Filmmaker Jonathan Nossiter weighs in on shifting terrains in the industry. The so-called “crisis” in Europe and North America is a euphemism, peddled by those who have lost nothing in the past few years, to soften the unacceptable shock of the new social-economic order. Among other victims, the culture of the artisanal gesture—authentic, free, and as old as our civilization—has been damaged as never before. Miraculously, in the world of wine, there is a group uniting rich and poor, Left and Right (though mostly Left and middle class) that has resisted with astonishing success. For years, I’ve wondered if my filmmaking colleagues would follow their lead. So I feel deeply relieved and excited to see that a growing number of my fellow filmmakers, consciously and unconsciously, are starting to follow the winemakers’ resistance to a cynical, corrupt, and wholly outdated system of production, distribution, and marketing with their own refusal of cinema’s systems of regulation and self-censorship.
FQ Editor-in-Chief B. Ruby Rich calls readers attention to the film festival and more. In the Spring 2014 issue of Film Quarterly, we pay attention, as always, to film festivals—this time, with a range of voices reporting on the Rotterdam, Berlin, True/False, and Middle East Now festivals. In this issue of Film Quarterly, we pay attention, as always, to film festivals—this time, with a range of voices reporting on the Rotterdam, Berlin, True/False, and Middle East Now festivals. These essays consider the new films on the circuit, but also think through the significance of very different festivals and cinematic histories. Festival coverage will continue to be an FQ cornerstone, alerting readers to important work coming to the public and to the politics of the festival circuit, but also heeding the larger questions of film festival instrumentality. (See the book review section for a consideration of two recent volumes assessing film festival histories.)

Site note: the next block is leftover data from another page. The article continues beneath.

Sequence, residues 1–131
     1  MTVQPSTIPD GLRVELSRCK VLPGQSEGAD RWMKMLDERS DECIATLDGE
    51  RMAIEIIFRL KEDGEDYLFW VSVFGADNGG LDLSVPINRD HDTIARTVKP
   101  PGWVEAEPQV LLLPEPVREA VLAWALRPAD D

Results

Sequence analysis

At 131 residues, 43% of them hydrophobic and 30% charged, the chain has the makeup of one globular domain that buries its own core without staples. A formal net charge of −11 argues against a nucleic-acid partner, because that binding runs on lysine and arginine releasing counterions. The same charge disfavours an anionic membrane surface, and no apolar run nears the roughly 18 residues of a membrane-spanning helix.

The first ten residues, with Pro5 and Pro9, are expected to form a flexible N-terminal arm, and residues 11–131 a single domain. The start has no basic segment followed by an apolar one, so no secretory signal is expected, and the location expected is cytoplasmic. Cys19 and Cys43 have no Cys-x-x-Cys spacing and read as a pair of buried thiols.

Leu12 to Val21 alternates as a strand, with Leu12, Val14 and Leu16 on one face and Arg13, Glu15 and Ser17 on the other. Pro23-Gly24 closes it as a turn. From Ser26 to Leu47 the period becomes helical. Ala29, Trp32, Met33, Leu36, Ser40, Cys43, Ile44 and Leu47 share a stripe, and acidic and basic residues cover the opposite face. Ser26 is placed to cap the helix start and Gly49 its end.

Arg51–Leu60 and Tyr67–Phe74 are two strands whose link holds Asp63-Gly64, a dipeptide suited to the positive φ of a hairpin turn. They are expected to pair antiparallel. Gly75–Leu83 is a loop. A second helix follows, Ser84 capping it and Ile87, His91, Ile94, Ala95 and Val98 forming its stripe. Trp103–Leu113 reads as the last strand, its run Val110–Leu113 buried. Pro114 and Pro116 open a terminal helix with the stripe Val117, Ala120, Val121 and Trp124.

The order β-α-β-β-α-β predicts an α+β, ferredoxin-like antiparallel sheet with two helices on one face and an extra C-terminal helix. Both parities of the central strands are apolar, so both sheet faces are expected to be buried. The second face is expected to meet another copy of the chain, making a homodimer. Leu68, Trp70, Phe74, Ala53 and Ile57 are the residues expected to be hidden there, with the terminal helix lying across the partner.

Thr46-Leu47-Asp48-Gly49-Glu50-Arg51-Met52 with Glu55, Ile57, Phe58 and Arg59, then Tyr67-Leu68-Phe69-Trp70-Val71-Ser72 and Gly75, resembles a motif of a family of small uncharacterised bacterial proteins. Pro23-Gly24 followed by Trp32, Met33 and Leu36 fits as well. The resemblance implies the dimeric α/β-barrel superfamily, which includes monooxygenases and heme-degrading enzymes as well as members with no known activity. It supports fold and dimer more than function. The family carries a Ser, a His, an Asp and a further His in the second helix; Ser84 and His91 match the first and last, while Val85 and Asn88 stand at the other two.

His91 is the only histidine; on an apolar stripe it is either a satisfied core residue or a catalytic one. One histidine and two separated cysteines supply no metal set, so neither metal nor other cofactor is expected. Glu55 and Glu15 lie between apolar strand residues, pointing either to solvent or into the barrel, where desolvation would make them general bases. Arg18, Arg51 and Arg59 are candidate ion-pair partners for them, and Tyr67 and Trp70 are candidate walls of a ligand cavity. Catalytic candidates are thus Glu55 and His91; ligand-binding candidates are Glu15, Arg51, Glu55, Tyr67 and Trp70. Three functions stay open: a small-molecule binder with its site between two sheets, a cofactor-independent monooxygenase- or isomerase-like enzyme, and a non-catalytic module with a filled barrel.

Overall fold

Brigitta B. Wagner reports from the 2012 Berlin International Film Festival, reviewing Farewell My Queen, Sister, Jaurès, Revision, Barbara, and Our Homeland.
Mediating Torture, Vampyr, Film Culture in Madrid, New Paths for German Cinema, and the 2008 Films of the Year
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